22 March 2010

Breeding Bird Atlas Report March 2010


2010 marks the third year of the five-year data-gathering effort for the British Columbia Breeding Bird Atlas.

Two years worth of data have brought us some very interesting discoveries and maintained what we here in the Southern Rocky Mountain Trench already knew - that this is the best and prettiest place in BC to live and bird.

189 species have been documented in our region!

169 of these are definitely or strongly suspected to be breeding here.

This is compared to the 254 species that breed, migrate, or occasionally fall out of the sky into our area.

Certain species documented at last
The great news is that some very wonderful species have been breeding in our area including:

Barred Owl, Northern Saw-whet Owl, Williamson's Sapsucker, Lark Sparrow, Common Grackle and possibly American Avocet.

K. K. of Fernie was the first to bring to provincial attention that the COMMON GRACKLE have invaded the southeast corner of our province and have been here for years.

The LARK SPARROW was known to be in the Skookumchuck area for some years. Last year, P.D. and G.R. stumbled upon one of these nests in a very dreary but obvious place. Two weeks later, the eggs were pipped (as confirmed by yours truly) and later in the season, the young were seen with their family. Yay!

The furthest southeast corner of our province has given up a very nice record of an AMERICAN PIPIT carrying food as recorded by a researcher from Alberta.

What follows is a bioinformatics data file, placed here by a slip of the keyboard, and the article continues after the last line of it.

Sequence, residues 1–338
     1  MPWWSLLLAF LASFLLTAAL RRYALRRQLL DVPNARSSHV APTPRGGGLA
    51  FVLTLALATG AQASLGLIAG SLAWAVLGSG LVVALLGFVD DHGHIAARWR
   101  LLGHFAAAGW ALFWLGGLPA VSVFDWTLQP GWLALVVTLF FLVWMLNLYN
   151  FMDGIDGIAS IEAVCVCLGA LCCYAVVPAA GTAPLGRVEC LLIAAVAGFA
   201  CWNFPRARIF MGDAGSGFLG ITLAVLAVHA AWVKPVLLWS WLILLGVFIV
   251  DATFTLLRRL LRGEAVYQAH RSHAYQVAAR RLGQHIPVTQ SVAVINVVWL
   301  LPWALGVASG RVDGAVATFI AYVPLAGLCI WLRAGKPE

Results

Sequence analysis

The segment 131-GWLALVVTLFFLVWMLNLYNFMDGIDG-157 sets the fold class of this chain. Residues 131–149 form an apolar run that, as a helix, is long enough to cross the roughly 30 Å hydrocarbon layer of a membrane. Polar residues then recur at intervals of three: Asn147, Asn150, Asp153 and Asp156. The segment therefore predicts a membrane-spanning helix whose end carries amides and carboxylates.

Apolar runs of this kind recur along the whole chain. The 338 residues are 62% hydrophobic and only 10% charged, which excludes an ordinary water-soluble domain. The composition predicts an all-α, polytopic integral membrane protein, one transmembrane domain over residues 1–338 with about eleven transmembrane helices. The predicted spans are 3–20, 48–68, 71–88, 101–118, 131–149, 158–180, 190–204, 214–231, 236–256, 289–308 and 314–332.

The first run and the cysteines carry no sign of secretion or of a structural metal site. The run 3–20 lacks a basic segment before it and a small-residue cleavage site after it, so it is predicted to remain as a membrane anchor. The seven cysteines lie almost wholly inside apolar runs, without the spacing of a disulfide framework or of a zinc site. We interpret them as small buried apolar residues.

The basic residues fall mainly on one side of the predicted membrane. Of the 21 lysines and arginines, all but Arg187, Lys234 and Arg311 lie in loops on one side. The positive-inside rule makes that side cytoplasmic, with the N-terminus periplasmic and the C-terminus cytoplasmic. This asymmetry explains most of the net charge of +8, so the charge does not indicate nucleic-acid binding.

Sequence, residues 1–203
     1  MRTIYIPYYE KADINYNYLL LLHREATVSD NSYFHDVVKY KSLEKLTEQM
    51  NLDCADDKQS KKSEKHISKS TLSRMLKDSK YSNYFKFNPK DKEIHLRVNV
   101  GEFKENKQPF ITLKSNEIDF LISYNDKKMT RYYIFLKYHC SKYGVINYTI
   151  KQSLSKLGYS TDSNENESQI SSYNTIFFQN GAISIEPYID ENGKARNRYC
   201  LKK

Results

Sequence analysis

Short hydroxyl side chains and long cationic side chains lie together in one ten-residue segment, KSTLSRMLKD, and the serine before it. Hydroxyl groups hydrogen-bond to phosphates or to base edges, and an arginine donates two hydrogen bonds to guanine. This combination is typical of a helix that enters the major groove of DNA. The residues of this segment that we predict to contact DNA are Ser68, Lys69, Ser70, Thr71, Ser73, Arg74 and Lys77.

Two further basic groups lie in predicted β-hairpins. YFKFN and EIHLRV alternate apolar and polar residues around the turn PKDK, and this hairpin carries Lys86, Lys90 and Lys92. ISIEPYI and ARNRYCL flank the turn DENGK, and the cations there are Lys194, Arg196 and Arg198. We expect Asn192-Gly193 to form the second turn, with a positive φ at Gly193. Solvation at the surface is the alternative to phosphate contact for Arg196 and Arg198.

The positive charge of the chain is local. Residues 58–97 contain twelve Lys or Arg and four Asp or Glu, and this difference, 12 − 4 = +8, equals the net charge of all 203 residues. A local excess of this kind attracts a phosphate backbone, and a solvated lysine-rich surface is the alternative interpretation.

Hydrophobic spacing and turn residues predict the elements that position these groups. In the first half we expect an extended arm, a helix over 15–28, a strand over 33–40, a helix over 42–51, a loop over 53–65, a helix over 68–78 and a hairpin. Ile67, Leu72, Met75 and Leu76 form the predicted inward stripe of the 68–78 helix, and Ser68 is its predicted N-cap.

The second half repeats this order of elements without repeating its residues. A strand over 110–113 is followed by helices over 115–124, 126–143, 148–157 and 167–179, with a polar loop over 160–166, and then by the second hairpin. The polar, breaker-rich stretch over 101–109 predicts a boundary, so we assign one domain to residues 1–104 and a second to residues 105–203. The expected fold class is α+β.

Our region's progress
How are we doing?

Well, compared to the other 40 regions, not bad for having only 11 regularly active atlassers. Mind you each region has a different number of squares. We have over 200 squares. (Squares are based on the Universal Trans Mercator grid and are 10 x 10 kilometers.)

Breeding evidence: we've complete 6 squares (20 hours spent in a square over the 5 years).

Point counts: we've completed 1 square (15 point counts per square).

Squares: we've got some data in 86 squares but no data in over half our squares.

Species: we've recorded 189 species.

Hey, we missed some
Yup, no one has yet documented definite breeding evidence of ROCK PIGEON, BLACK TERN, or VIRGINIA RAIL!

Hopefully, they won't go anywhere (except migration) by the end of the Atlas period so somebody will confirm their breeding.

And other species we might possibly get breeding are: BALTIMORE ORIOLE, MAGNOLIA WARBLER, BOREAL CHICKADEE, BLACK SWIFT, and the ever elusive TURKEY VULTURE.

Carry on, gang
It's a large and diverse province, as we who have travelled anywhere in it know. But, each region is 'known' for something so each has 'priority' squares that would yield the most useful information when considering the whole province. Region 1 Southern Trench has unique mountainous habitats, not often accessed by the non-hiking birder, but there is some road access to some squares.

If you find yourself in any of our 10 priority 1 squares that yet have no data, please be sure to note species, date, location and breeding evidence. Check out the Breeding Bird Atlas of British Columbia or contact me for a list of these squares.

Point counts
Our region has over 200 squares. Each square has a target number of point counts = 15.
Ha ha - that's over 3,000 points.

91 point counts have been done over the previous two years. Only one is considered to have enough point counts.

Have fun! Stay safe! And thanks to all those who have contributed so far!

1 comment:

  1. PS The higher up the mountain side you can get, the more likely you are to be in a Priority 1 square.

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